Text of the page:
Nineveh – A number of tribal feuds flared recently in Mosul between families of Islamic State fighters and civilians who had relatives killed by the group, Nineveh province council said Wednesday.
Council member Hossam al-Abbar told Almaalomah website that feuds broke out at the Qayyara, Hammam al-Alil and other regions south of Mosul after more displaced civilians returned to their home regions from refugee camps.
Security forces intervene temporarily to defuse the tensions, the official stated.
“The judiciary should be the arbitrator between the culprit and the victim,” Abbar urged.
Earlier on Wednesday, London-based al-Quds al-Arabi quoted Khaled al-Jar, mayor of Qayyara, saying that 500 people from his town protested demanding to expel IS members relatives. It added that tribal chiefs in Hammam al-Alil also urged to deport IS relatives for fear of vengeful acts.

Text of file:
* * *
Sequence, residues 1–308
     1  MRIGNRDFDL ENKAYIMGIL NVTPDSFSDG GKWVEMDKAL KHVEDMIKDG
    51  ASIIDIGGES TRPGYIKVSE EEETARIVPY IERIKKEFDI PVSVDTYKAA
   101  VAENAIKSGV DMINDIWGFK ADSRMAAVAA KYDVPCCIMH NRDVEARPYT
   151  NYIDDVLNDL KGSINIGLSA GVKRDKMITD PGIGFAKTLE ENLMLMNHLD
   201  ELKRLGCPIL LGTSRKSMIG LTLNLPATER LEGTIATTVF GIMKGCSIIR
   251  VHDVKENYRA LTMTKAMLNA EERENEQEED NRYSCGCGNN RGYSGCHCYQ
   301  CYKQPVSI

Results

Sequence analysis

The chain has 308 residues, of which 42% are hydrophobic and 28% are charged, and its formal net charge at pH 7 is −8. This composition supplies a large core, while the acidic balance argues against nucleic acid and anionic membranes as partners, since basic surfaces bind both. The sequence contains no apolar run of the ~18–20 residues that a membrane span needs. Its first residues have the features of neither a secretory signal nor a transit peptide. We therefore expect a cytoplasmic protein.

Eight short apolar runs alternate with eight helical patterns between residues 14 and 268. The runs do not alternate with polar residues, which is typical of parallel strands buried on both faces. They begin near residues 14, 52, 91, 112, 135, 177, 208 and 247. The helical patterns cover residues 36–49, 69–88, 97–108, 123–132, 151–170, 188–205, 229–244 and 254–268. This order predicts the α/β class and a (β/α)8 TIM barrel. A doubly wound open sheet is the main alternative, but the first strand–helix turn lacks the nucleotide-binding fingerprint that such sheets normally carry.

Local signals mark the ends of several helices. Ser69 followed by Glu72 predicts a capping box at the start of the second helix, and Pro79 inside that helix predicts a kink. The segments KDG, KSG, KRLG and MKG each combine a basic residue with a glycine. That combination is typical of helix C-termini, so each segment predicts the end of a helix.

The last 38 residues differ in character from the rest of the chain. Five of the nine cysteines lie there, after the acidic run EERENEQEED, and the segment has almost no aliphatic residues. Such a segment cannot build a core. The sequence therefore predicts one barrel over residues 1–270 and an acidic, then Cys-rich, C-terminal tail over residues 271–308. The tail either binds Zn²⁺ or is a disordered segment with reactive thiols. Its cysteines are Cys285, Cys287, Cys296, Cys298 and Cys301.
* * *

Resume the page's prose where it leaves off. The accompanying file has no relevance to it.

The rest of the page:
Speaking to the newspaper, an officer from Nineveh police service said that, based on Iraqi laws, families linked to the Islamic State cannot be punished for the actions of one family member, explaining that others who pledged allegiance to the group can not also be held accountable, given that many did under threat rather than voluntarily.
The tensions were high that they mounted to killing members of Islamic State-linked families or setting their properties on fire.
On Tuesday, the Mosul city council said in a statement it would no longer allow receiving Islamic State fighters families migrating from other provinces. The existing families were to be deported and sheltered in camps where they would be “psychologically and ideologically rehabilitated and integrated with society once they prove responsive to that process.”
The council’s plan also involves a ban on internal migration in Mosul, and to ensure that migrant families are returned to the very same residences they occupied before June 2014 except those who had lost their dwelling.